Well, we didn't think it was possible, but we should have had more faith in our feathered corvid friends: crows just got even cooler. Researchers have discovered that crows don't just use single objects as tools; they can also make them out of multiple parts that are individually useless.
Let that sink in for a moment.
We already knew that corvids - crows and ravens - are capable of reasoning cause and effect, solving multi-step puzzles, planning for the future and even fashioning simple tools out of sticks and paper.
But making compound tools is something that has only ever been observed before in primates - specifically, humans and and great apes.
Even young humans take several years to be able to learn this skill, because cognitively speaking, it's actually quite complex. It requires the ability to anticipate the properties of objects, and to be able to mentally map the consequences of putting them together prior to doing so.
As such, it's considered a pretty important milestone when it comes to brain evolution. So observing it in birds is pretty spectacular.
"The finding is remarkable because the crows received no assistance or training in making these combinations, they figured it out by themselves," said ornithologist Auguste von Bayern of the Max Planck Institute for Ornithology and the University of Oxford.
The team conducted their research on eight New Caledonian crows (Corvus moneduloides), a bird well known for its intelligence.
First, the birds were presented with a previously unseen transparent puzzle box they had to solve to get a piece of food inside. The box had a narrow gap on one side, and sufficiently long sticks were left lying around.
It didn't take long for the birds to figure out how to insert a stick into the gap to push the food treat towards an opening in the box.
Once the birds had figured out how to use the box, it was time to get serious. Once again, they were presented with the food box, with a treat they could see inside.
But there were no long sticks.
Instead, the scientists left objects that were individually too short, but which could be combined to make a tool long enough to reach the food. We're talking things like disassembled plastic syringes, with the barrels and plungers separated.
Without any help, four of the crows (named Tumulte, Tabou, Mango, and Jungle) figured out how to partially insert the plunger into the barrel to make a longer tool that could reach the food treat. They did it in a very short space of time, too - within 4-6 minutes of interacting with the objects.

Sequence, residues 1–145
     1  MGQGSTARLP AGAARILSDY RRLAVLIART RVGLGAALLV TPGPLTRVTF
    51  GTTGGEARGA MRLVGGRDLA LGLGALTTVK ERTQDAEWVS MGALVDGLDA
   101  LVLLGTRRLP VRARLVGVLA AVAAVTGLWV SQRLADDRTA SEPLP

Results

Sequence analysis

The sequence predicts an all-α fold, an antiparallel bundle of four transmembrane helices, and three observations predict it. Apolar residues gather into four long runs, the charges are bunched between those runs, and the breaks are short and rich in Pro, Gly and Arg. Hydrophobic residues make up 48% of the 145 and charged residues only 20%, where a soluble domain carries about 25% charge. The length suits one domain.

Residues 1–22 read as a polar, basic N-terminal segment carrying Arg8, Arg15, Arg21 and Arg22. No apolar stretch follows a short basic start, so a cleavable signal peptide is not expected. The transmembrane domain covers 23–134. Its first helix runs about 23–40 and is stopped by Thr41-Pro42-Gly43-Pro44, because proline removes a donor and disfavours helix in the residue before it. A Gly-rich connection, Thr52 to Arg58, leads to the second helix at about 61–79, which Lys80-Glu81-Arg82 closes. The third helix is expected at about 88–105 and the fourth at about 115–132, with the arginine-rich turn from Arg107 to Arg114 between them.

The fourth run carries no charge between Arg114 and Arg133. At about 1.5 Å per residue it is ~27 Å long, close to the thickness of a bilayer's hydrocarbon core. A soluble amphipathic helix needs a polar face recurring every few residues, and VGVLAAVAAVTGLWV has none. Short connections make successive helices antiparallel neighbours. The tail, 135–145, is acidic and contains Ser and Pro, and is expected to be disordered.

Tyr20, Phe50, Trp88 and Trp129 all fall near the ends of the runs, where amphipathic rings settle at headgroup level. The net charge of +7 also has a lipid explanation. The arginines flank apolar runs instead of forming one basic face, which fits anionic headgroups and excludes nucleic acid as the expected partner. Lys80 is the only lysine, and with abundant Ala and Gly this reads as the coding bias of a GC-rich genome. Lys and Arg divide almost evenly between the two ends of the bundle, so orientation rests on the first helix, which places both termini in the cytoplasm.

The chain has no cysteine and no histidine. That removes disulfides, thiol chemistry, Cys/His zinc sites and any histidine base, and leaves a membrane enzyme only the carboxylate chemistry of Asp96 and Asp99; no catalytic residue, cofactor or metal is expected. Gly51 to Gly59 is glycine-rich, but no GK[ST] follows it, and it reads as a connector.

"The successful birds acted in a seemingly purposive manner, using the compound tools to aim at the food immediately after creating them. This typically required transporting the compound to the box for use," the researchers wrote in their paper.
"Except for one individual, Mango, a bird with apparently fluctuating motivation, the successful subjects also solved the task in the 3 opportunities that followed their first success. Mango refused to participate in 2 follow-up trials but succeeded continuously afterwards."
Mango, as it turned out, seemed to be something of a moody genius. In subsequent trials, where the pieces were smaller again - requiring the creation of tools of more than two pieces - Mango repeatedly built tools of 3 or 4 pieces, and successfully used them to reach the food most of the time.
Although it is difficult to know the cognitive processes involved in the crows' construction of compound tools, Mango's skills seem to indicate that it is deliberate - especially since his tools fell apart several times, leading him to try again.
"This multi-compound tool construction required dexterity and perseverance," the researchers wrote.
"It involved both combining hollow elements with sticks and the other way around, as well as turning the tool to insert the solid end in another hollow element. Accidental discovery of this recursive process (treating a 2-element compound as a potential part for further combination and construction of a 3-element one, and so forth) seems implausible."
It's also the first time compound tool construction using more than 2 parts has been observed in an animal other than a human.
That doesn't mean crow cognition is similar to that of humans and apes necessarily - but it does provide some insight into the cognitive processes involved in problem solving, the researchers said.
And it adds yet another piece to the growing body of evidence that crows and ravens are the coolest of all the birds.
Their paper has been published in the journal Nature Scientific Reports.